13. Julian Castro
Castro, a 45-year-old former housing secretary under Obama, is emphasizing immigration and education in his presidential campaign. He has drawn on his family’s background (having a grandmother who was an immigrant from Mexico) and his political experience in a border state as a former mayor of San Antonio, Texas. His immigration plan was one of the earliest and most detailed in the Democratic field but is also quite liberal in that it asks for an open border policy, which will make it very difficult for him to win over moderate voters. As mayor of San Antonio, he also created a public, free or low-cost pre-K program, which he wants to replicate at the national level. Castro was also a strong candidate in Hillary Clinton’s search for a running mate in 2016 but ultimately did not make the cut.
12. Bill Weld
William Weld is an attorney, businessman and Republican politician who served as the 68th Governor of Massachusetts from 1991 to 1997. In 2016, he left the Republican Party to become the Libertarian Party running mate of former Governor of New Mexico, Gary Johnson. Together they received nearly 4.5 million votes, the highest amount for a Libertarian ticket, and the best for any third-party ticket since 1996.
Weld announced in April 2019 that he would be returning to the Republican Party to challenge President Donald Trump in the 2020 Republican primaries. He has recently made it clear that he is not in support of Trump, stating that Trump has “show(n) contempt for the American people,” and that he would vote for Biden “in a heartbeat” rather than support Trump. Although he is very unlikely to be a serious opponent, Weld has faith that he could beat Trump in 2020 with help from independent voters.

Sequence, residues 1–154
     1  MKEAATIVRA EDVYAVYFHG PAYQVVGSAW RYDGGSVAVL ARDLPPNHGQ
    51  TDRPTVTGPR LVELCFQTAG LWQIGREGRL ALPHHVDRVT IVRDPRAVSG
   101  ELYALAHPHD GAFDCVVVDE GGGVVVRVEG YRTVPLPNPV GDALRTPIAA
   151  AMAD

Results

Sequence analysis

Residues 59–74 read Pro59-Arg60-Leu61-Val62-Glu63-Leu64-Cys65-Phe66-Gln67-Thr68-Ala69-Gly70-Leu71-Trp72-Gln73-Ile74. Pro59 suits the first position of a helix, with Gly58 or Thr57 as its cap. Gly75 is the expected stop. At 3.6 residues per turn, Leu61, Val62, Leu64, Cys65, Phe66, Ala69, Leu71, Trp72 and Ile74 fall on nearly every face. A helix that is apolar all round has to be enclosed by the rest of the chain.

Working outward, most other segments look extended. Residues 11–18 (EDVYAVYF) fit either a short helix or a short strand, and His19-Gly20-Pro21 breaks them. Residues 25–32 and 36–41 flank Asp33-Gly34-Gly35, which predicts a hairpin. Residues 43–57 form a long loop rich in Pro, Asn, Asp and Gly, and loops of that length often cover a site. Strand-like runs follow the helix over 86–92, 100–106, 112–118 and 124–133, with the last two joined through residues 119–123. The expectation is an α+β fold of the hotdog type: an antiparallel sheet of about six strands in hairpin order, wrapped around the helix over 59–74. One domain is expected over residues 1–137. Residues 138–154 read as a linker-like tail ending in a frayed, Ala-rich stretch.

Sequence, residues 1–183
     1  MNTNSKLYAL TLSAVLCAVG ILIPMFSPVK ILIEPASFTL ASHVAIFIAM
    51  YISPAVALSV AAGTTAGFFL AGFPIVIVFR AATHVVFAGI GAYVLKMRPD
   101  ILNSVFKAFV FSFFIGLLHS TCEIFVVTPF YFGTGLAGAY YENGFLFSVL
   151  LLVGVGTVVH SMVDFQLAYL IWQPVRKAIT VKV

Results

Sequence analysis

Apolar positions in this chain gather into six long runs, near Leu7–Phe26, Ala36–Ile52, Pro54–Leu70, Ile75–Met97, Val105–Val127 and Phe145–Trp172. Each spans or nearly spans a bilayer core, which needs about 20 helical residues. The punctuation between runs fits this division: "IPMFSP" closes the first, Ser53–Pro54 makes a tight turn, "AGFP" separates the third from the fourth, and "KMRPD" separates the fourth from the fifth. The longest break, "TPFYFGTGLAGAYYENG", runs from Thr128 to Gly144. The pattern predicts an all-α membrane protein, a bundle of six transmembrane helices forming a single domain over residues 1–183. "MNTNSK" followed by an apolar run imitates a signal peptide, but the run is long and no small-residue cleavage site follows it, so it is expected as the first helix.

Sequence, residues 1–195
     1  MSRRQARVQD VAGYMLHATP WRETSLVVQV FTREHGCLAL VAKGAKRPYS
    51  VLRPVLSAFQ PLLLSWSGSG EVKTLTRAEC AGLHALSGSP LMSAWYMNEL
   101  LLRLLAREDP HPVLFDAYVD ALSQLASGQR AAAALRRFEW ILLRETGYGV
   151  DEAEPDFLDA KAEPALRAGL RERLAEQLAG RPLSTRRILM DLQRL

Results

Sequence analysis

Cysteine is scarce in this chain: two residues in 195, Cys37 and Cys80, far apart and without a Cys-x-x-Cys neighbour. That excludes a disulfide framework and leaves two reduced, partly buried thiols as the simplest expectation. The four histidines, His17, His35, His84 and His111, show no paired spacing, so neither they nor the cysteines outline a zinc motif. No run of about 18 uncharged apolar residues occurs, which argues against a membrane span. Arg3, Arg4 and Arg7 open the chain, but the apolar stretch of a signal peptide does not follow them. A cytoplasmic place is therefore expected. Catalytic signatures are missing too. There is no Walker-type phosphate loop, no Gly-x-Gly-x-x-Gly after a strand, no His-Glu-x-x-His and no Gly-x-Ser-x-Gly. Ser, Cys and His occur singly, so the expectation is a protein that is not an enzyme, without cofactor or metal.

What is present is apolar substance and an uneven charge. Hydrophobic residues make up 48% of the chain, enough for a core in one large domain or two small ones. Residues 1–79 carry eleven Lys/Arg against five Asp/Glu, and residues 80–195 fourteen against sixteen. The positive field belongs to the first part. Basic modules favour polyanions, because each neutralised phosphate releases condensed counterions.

11. Kamala Harris
DROPPED OUT: Harris became California's third female U.S. Senator and the first of either Jamaican or Indian ancestry when she defeated Loretta Sanchez in the 2016 Senate election in November 2016. Since becoming a Senator, she has supported single-payer healthcare, the DREAM Act, a ban on assault rifles, sanctuary cities and lowering the tax burden for the working and middle classes while raising taxes on corporations and the wealthiest one percent of Americans. Harris's support rose by between 6 to 9 points in polls following the first Democratic presidential debate in 2019. But in the second debate, Harris was confronted by Congresswoman Tulsi Gabbard over her past positions on marijuana, cash bail and parole reform and Harris has fallen in the polls since the encounter. She has pitched herself as a history-making candidate who can appeal to both progressives and moderates, but she has been criticized for being insincere, making it difficult for her to gain enough favor to take down Trump.